Parents tend to tell their children not to play with their food. But an Israeli interactive designer wants parents to play with their children’s food.

Maor Bar — better known for creating mobile applications for leading brands including RC Cola, Heinz, Osem and Teva – runs a website and Facebook page dedicated to making meal time fun. The 33-year-old father of three says is about “making the meals nutritious and still look attractive for the children.”

“Kids are more open to try new things when there’s a visual experience,” Bar tells ISRAEL21c.

And Bar – a graduate of the Bezalel Academy of Arts and Design in Jerusalem – is the right guy to make food visually appealing.

MealsWithKids started as a personal project. “I wanted to make meals more fun for my children. I started to make faces and animals with the food and the kids were so excited about it, so I posted a picture,” he says, noting that his children love his special cucumber sushi. “My friends got excited and wanted to know if my kids really did eat [what was on the plate].”

What kid could resist a porcupine with an olive nose?

The effect was immediate. Everyone who saw what Bar was doing wanted more examples.

So, in November 2012, he turned his private kitchen fun into a social-media side project. He has some 500 followers on Facebook and reports that thousands of people click to see his latest creations.

“People write in to say their kids never tried cucumbers before, that they tried a design, and their kids eat them now. It’s really exciting to hear the feedback or get photos from other people,” he says.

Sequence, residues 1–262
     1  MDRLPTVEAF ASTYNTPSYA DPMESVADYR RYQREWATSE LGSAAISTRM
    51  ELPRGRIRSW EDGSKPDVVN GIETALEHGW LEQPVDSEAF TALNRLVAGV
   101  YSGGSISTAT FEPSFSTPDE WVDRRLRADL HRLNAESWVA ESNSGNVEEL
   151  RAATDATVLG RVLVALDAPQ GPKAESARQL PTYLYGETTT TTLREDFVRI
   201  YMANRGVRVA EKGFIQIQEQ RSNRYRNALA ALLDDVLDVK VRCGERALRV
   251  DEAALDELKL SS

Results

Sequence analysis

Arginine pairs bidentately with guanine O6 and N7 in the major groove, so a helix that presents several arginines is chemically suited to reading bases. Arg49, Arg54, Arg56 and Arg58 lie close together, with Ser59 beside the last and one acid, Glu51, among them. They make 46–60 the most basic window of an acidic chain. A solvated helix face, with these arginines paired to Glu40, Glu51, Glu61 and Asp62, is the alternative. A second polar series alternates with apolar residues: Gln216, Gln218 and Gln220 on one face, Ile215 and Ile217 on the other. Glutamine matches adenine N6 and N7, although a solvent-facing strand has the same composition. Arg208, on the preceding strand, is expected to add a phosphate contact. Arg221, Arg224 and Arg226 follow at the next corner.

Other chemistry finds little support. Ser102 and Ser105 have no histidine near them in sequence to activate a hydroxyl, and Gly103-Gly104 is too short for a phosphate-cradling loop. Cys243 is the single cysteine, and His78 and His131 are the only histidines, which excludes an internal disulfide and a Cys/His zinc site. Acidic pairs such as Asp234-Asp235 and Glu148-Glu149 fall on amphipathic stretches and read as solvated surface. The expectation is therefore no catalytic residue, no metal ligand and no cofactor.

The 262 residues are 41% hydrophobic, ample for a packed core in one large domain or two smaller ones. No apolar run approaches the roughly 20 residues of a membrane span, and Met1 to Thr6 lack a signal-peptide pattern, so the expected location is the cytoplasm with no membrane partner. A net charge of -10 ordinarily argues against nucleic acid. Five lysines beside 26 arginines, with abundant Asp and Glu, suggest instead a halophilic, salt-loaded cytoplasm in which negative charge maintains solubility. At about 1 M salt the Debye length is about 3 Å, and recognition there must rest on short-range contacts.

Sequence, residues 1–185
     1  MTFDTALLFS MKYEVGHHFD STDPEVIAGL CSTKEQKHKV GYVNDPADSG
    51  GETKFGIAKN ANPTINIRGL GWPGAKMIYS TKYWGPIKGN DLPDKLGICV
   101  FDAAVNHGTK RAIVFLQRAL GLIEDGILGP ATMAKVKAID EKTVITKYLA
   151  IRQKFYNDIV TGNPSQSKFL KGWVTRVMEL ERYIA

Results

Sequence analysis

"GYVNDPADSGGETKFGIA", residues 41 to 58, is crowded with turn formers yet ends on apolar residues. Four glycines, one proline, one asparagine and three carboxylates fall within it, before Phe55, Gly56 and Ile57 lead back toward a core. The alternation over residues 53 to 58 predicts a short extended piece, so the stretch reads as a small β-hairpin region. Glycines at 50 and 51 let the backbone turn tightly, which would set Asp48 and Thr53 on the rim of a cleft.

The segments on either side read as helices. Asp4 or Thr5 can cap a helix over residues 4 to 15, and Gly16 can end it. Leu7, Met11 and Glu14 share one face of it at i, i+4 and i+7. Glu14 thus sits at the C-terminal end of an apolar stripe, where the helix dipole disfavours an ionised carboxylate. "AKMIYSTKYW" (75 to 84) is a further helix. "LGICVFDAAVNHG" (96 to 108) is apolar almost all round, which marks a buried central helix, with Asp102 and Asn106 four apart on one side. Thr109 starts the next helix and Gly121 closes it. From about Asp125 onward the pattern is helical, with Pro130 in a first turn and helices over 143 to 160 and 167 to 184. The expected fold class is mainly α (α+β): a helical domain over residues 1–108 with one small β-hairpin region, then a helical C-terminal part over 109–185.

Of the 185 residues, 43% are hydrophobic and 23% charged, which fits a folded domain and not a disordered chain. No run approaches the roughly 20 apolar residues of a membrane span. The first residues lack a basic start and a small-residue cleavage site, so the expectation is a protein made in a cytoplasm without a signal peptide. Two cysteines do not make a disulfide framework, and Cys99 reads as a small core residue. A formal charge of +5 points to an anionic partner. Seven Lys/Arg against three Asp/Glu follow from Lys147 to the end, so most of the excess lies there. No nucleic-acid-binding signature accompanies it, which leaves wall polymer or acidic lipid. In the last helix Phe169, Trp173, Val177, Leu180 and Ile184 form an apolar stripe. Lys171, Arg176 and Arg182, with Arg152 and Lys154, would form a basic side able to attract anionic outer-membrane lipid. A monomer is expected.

Bar’s designs are original, quirky and creative. “Although I have the ability to create very complicated designs, unlike other food designers, I try to keep it as simple as possible so that other parents can reproduce the designs at home,” he says. “I just try to have fun with everything and food should be a part of it. It shouldn’t be a task. Fifteen minutes is more than enough for creating a meal.”

Pasta with cucumbers has never been this much fun.

He also recommends involving children in the process. “It’s Meals With Kids, not Meals For Kids. It’s very important,” he says. “Just have fun and make sure your children enjoy the meals.”

Some of his better-known dishes include pasta shaped into a fish with cucumbers as fins; a cheese sandwich with cucumbers and bell peppers shaped like a turtle; schnitzel and rice with cucumber shaped like a chicken; and a space scene created out of cucumbers, crackers, carrots and cheese.

He even has holiday themed ideas. There was a toasted cheese sandwich in the shape of a hanukkiyah with vegetable candlesticks for Hanukkah, and carved vegetables with cheese for Halloween.

The third-degree black belt designer doesn’t include junk food on the menu.

“I try to make everything very healthy. I try to have every meal with carbs, protein and vegetables. My motivation is to make the meals nutritious and still look attractive for the children,” he says.

Maor Bar, the design dad behind Meals With Kids.

His goal is to get more parents playing with their children’s food. He offers the design; parents can choose what foods to use. “The design is there but foodstuffs can be changed. The concept is being open to new things,” Bar says. “Do try this at home.”